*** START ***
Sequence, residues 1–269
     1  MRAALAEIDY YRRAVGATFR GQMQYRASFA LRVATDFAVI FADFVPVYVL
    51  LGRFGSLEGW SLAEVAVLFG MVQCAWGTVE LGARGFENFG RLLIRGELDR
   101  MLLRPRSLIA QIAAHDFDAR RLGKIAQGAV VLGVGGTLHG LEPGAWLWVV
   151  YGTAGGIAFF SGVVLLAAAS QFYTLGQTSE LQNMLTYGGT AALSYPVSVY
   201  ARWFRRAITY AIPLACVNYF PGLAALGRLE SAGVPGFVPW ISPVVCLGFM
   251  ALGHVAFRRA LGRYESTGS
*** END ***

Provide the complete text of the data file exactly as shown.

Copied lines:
Sequence, residues 1–269
     1  MRAALAEIDY YRRAVGATFR GQMQYRASFA LRVATDFAVI FADFVPVYVL
    51  LGRFGSLEGW SLAEVAVLFG MVQCAWGTVE LGARGFENFG RLLIRGELDR
   101  MLLRPRSLIA QIAAHDFDAR RLGKIAQGAV VLGVGGTLHG LEPGAWLWVV
   151  YGTAGGIAFF SGVVLLAAAS QFYTLGQTSE LQNMLTYGGT AALSYPVSVY
   201  ARWFRRAITY AIPLACVNYF PGLAALGRLE SAGVPGFVPW ISPVVCLGFM
   251  ALGHVAFRRA LGRYESTGS